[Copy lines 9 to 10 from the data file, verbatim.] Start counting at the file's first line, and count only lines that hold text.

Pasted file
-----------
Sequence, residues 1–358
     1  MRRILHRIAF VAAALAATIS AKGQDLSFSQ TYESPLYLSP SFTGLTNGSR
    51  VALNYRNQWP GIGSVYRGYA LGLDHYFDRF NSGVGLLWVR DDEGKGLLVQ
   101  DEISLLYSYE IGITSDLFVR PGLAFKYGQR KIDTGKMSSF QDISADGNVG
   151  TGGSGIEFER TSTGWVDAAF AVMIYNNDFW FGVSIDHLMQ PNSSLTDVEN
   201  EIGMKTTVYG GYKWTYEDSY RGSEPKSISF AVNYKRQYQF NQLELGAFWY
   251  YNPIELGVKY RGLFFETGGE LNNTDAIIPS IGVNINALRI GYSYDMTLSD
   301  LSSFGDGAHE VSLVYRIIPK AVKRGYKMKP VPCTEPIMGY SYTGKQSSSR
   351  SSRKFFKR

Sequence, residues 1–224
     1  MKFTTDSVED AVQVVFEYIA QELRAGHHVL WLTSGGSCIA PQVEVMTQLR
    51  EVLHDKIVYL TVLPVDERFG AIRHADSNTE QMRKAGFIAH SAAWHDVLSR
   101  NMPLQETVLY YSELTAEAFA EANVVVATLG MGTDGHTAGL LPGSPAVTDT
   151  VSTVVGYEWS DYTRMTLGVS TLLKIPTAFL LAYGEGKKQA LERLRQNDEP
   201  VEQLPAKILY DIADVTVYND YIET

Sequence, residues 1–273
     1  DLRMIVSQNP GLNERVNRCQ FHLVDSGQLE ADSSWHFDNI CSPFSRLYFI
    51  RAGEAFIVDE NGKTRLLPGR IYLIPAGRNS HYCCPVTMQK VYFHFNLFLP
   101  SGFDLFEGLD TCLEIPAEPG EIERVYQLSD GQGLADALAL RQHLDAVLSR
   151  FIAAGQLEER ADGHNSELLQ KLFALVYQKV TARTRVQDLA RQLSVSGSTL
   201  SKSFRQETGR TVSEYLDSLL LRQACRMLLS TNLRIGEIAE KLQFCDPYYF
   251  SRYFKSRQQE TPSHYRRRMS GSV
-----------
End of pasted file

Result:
   351  SSRKFFKR

Sequence, residues 1–224